10 most important elections (besides the Presidency)

The President of the United States is the most powerful person in the world. He sets the foreign policy, has tremendous influence over Congress, and can nominate Justices to the Supreme Court. Obviously, the race between President Obama and Governor Romney is much more important than anything else. However, the media already devotes all of its energy to cover this election, so I would like to focus on the 10 most important other elections.

10. Houston City Council, District E
Dave Martin is the widely assumed favorite, but Elizabeth Perez could very well pull an upset. What we have here is not an election between Democrat and Republican, it is an election between an old-guard Republican and the recalcitrant Tea Party. Martin will surely follow in the footsteps of his predecessor, and perhaps also be like Councilmember Pennington. However, Perez would most like imitate the habits of Councilmember Brown. It will be interesting to watch, but I’m not throwing any of my money at it.

9. Washington gay marriage referendum
There are actually four referendums, but Washington’s has the best chance of approval. Maine, Maryland, and Minnesota also have referendums, but I am less optimistic. Especially Minnesota, I think the traditional midwestern social conservative state has been given up on. Maine is a tossup, and Maryland similar. Maryland has a large African-American population which has ranged from tepid to hostile on the issue. However, Washington has a fairly good chance leading into the home stretch. Most importantly, this could finally break the curse of states approving gay marriage bans.

8. United States House of Representatives, Texas’ 14th district
Control of the House is not especially up for grabs this year, but this election will essentially make-or-break Nick Lampson’s career. A second loss in a row would be disastrous and most likely put an end to the former Congressman’s political aspirations, which could be quite valuable for Texas Democrats.

7. Texas House, 134th district
Sarah Davis seems to represent an average Tea Partier, completely inexcusable for my home district. Texas Democrats NEED a solid number over 50 in the delegations, and Ann Johnson will be the way towards that goal.

6. United States Senate, Indiana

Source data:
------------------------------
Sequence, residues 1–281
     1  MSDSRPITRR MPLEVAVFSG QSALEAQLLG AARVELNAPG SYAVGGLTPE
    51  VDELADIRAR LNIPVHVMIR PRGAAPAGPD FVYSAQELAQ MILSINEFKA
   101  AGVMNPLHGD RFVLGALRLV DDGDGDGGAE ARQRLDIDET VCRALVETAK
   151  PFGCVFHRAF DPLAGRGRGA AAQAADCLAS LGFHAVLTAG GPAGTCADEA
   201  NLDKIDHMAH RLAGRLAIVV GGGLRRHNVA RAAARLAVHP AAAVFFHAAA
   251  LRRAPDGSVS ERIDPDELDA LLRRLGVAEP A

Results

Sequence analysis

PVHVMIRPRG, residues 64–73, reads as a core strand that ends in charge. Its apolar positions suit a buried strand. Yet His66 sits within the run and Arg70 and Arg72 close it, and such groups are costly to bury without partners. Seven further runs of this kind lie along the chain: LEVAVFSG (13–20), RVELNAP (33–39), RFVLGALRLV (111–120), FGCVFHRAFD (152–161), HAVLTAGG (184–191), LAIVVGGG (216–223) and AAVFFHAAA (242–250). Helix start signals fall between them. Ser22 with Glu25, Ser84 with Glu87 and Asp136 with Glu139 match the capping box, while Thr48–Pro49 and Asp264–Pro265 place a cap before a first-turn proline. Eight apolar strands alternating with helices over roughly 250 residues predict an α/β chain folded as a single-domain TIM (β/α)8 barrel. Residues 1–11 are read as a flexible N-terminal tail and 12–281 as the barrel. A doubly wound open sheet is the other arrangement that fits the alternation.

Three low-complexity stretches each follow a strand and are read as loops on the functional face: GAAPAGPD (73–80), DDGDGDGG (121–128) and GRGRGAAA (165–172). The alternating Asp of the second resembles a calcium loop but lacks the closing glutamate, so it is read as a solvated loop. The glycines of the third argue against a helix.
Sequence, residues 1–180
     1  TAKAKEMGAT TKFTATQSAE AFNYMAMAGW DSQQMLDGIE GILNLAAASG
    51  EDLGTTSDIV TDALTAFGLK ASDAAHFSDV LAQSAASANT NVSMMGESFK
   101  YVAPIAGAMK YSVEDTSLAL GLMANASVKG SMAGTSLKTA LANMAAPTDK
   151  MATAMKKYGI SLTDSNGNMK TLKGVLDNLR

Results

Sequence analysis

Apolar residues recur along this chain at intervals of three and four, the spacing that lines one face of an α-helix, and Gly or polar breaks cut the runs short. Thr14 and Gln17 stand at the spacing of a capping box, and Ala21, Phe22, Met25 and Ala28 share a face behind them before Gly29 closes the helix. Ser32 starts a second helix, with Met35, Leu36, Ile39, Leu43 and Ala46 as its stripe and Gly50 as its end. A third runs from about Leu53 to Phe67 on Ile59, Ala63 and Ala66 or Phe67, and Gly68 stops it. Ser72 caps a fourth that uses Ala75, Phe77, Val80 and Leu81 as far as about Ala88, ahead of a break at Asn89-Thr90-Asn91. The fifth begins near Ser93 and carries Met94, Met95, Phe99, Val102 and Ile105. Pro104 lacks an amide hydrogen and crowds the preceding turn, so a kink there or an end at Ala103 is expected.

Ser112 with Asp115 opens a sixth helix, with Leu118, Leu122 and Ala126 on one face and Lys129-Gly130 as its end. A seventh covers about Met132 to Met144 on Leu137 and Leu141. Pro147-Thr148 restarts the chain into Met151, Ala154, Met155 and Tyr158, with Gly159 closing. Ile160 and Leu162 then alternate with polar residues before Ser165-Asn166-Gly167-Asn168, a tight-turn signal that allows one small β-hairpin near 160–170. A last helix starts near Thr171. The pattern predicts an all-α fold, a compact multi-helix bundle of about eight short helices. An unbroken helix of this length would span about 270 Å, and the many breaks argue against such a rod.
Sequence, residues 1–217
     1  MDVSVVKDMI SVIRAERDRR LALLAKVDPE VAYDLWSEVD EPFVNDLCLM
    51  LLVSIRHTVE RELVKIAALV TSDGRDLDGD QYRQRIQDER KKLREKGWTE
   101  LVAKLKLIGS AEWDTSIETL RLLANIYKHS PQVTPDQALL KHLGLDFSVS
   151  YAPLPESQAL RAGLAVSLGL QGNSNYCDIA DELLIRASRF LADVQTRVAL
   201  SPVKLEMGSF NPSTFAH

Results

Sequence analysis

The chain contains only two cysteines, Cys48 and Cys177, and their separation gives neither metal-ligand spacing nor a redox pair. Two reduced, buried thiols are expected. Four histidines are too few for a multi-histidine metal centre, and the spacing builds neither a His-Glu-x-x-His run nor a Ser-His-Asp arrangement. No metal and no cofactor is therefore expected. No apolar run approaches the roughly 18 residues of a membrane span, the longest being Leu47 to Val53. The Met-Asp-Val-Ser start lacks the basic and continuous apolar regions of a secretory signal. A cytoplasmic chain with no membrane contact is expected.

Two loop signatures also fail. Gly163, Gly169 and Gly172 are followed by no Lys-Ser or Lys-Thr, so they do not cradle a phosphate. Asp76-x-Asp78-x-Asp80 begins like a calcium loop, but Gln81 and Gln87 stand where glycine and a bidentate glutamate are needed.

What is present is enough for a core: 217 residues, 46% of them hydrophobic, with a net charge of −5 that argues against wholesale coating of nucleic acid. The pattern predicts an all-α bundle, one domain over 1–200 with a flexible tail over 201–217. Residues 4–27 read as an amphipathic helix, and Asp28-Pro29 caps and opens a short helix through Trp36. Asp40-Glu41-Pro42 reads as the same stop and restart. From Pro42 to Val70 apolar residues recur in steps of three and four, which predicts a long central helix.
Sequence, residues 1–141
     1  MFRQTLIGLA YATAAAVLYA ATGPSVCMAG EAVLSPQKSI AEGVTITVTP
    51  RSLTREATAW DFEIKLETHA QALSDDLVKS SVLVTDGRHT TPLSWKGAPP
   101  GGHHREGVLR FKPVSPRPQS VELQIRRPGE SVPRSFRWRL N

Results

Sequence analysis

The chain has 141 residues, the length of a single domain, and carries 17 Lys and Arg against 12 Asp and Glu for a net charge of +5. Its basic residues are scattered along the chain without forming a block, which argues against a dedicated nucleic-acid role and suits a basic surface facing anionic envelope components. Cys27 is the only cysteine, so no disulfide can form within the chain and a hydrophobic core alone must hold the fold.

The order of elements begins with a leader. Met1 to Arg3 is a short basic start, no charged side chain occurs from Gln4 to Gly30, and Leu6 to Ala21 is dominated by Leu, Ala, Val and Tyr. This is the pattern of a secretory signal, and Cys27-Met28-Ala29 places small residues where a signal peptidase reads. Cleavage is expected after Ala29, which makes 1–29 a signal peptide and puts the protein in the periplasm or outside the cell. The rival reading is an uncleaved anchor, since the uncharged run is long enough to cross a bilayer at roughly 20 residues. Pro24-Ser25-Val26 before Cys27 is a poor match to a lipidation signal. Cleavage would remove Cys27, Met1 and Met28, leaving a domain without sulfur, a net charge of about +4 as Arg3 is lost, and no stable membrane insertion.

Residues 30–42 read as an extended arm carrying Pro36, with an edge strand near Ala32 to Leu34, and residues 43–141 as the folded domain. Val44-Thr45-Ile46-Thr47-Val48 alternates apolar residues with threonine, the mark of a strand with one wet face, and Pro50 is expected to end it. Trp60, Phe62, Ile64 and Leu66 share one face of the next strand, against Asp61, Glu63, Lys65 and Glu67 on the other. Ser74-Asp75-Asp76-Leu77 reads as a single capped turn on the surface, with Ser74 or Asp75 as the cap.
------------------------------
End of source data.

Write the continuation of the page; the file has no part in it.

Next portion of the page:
The control of the Senate is up for grabs, and every election counts. This seat, held by longtime Senator Dick Lugar, is now open after Lugar was defeated in the GOP primary by an extremist. The Republican, State Treasurer Richard Mourdock is now trailing in polls against the Democrat, Congressman Joe Donnelly. Donnelly is a strong candidate who I may even donate some money towards.

5. United States Senate, Massachusetts
I believe this election (Scott Brown vs Elizabeth Warren) is important in more ways than one. Massachusetts, arguably one of the most liberal states in the union, is faced between a very liberal Democrat and a very moderate Republican.

4. United States House of Representatives, Texas’ 23rd district
Again, the House is not up for grabs, but this election is important for another reason. Congressman Canseco and Representative Gallego are competing in the heavily Latino district. A loss by Gallego would be truly embarrassing for a Texas Democratic Party attempting to court Latinos.

3. Harris County Sheriff
Sheriff Adrian Garcia is perhaps Harris County’s best chance of retaining a countywide Democrat. His opponent is a crook, and Garcia has done a fantastic job while in office. This election will answer that question he had on November 3rd, 2010 in Houston. Can it get any worse?

2. United States Senate, North Dakota
The funny thing about the Senate is that no matter how small the state, the Senators hold equal power, so this election is just as important as the one in California or Texas. Former Attorney General Heidi Heitkamp, the Democrat, is running against Congressman Rick Berg, the Republican. The seat has long been held by Democrat Kent Conrad. Heitkamp CAN WIN, and she will if she can raise enough money to compete against the outside money being funneled in by Karl Rove and the Koch brothers. I will surely be donating some money to Ms. Heitkamp and I suggest y’all do the same.